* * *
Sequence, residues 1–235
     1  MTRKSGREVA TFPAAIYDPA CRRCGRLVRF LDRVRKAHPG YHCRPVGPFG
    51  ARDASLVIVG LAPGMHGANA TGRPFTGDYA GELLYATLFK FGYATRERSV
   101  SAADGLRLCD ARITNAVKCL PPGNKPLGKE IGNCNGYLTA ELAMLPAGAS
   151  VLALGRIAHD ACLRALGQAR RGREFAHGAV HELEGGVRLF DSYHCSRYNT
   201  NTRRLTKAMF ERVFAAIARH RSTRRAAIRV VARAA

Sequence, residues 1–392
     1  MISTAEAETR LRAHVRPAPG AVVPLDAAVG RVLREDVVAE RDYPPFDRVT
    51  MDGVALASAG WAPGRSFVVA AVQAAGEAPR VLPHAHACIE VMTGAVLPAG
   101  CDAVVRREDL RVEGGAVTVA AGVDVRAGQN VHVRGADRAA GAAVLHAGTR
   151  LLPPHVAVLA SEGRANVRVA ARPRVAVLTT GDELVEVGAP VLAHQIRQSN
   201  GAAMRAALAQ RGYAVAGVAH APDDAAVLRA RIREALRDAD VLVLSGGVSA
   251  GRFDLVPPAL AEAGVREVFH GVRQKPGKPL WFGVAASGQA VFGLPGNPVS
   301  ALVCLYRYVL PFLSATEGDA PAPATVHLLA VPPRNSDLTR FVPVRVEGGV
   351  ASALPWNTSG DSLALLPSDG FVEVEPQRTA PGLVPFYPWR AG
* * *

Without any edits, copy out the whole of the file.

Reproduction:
Sequence, residues 1–235
     1  MTRKSGREVA TFPAAIYDPA CRRCGRLVRF LDRVRKAHPG YHCRPVGPFG
    51  ARDASLVIVG LAPGMHGANA TGRPFTGDYA GELLYATLFK FGYATRERSV
   101  SAADGLRLCD ARITNAVKCL PPGNKPLGKE IGNCNGYLTA ELAMLPAGAS
   151  VLALGRIAHD ACLRALGQAR RGREFAHGAV HELEGGVRLF DSYHCSRYNT
   201  NTRRLTKAMF ERVFAAIARH RSTRRAAIRV VARAA

Sequence, residues 1–392
     1  MISTAEAETR LRAHVRPAPG AVVPLDAAVG RVLREDVVAE RDYPPFDRVT
    51  MDGVALASAG WAPGRSFVVA AVQAAGEAPR VLPHAHACIE VMTGAVLPAG
   101  CDAVVRREDL RVEGGAVTVA AGVDVRAGQN VHVRGADRAA GAAVLHAGTR
   151  LLPPHVAVLA SEGRANVRVA ARPRVAVLTT GDELVEVGAP VLAHQIRQSN
   201  GAAMRAALAQ RGYAVAGVAH APDDAAVLRA RIREALRDAD VLVLSGGVSA
   251  GRFDLVPPAL AEAGVREVFH GVRQKPGKPL WFGVAASGQA VFGLPGNPVS
   301  ALVCLYRYVL PFLSATEGDA PAPATVHLLA VPPRNSDLTR FVPVRVEGGV
   351  ASALPWNTSG DSLALLPSDG FVEVEPQRTA PGLVPFYPWR AG